“Don’t Drink the Poison” is the fifth studio album by Glasgow rap artist Kobi Onyame, and my first encounter with his work. The album appears to be self-released, and Kobi produced most of the tracks on it, with some help from Jayso and Nathan Somevi. Kobi’s music mixes Pan-African influences (there are artists from Ghana, South Africa, and Malawi on the album) as well as hip-hop and electronica. The result is an album that is musically fresh and interesting, if not always lyrically so.
The highlight of the album for me was the percussion and beats. Kobi brings in different African percussive instruments and elements, and the album feels different from most other hip-hop out there. A song like “Aseda” has a swing to it that you don’t hear from contemporary American hip-hop. Banger “My Prayer” uses hand drums and hand claps to create a beat that you can’t help but nod along to. He also brings in the aforementioned musicians and singers from Ghana, Malawi, and South Africa to bring a nice musical flavor to the songs. The album often feels like a celebration, and there is a joyfulness to the music that I appreciated.
Unfortunately Kobi’s flow didn’t hit me in the same way. He is an earnest rapper who sings many of his raps and sounds like a man who wants to spread positivity. I appreciated that, but both his rhymes and delivery often felt to me like they lacked finesse. That could just be a taste thing and your mileage may vary, but for me there was a disconnect between the proficiency and skillfulness in the beats and Kobi’s delivery.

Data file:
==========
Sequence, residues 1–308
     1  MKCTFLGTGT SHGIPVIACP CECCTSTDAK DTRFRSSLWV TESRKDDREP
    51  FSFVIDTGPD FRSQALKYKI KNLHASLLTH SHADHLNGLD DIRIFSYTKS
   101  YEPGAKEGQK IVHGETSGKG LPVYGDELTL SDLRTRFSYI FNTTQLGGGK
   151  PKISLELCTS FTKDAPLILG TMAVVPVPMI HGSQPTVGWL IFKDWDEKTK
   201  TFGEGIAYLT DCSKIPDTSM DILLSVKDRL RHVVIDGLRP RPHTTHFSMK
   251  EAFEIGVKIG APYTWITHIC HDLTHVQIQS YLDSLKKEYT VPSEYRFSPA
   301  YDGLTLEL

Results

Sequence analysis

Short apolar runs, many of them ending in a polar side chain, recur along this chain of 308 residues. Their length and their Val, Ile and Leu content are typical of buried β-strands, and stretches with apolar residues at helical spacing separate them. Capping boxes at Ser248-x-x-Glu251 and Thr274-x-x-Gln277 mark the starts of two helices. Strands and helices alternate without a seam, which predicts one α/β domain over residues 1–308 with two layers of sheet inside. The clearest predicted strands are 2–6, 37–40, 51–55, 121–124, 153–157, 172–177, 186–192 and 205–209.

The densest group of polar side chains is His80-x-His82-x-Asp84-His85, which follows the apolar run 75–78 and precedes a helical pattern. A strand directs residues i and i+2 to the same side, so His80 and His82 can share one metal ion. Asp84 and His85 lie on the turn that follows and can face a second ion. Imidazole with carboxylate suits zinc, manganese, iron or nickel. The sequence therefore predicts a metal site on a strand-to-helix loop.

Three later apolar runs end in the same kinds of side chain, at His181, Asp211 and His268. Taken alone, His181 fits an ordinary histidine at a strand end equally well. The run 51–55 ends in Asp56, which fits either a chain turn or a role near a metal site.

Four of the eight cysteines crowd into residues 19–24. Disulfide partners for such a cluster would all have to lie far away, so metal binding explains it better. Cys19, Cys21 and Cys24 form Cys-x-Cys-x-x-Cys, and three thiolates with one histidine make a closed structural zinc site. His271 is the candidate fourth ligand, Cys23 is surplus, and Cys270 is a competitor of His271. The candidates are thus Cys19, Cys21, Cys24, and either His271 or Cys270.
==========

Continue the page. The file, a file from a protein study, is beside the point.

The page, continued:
In researching this album, I came across this Medium post from Kobi that explains what he means by the album title. I have to admit it had me scratching my head. I assumed he meant don’t drink the poison of hatred, greed, materialism, consumerism, etc. Instead, he is warning us against the poison of… being progressive and inclusive?
“The concept of Inclusiveness on its own is sweet but it is not enough. The concept of unity by itself is tasty but is insufficient. Progress can only be applauded if made in the right direction. I want to know where the hell we are going! If it’s off the side of a bridge then I’d rather not be inclusive. If it’s to a dead end then I’d rather not unite. If it’s damaging then I’d rather stop than continue to progress.”
Maybe I’m misreading this, but it doesn’t sound like a message I’m down with, and helps explain why I was underwhelmed with the album’s lyrics. “Don’t Drink the Poison” is worth a spin if the idea of Pan-African hip-hop appeals to you. Album openers “Aseda” and “My Prayer” definitely got my head nodding, but this record isn’t going into my heavy rotation.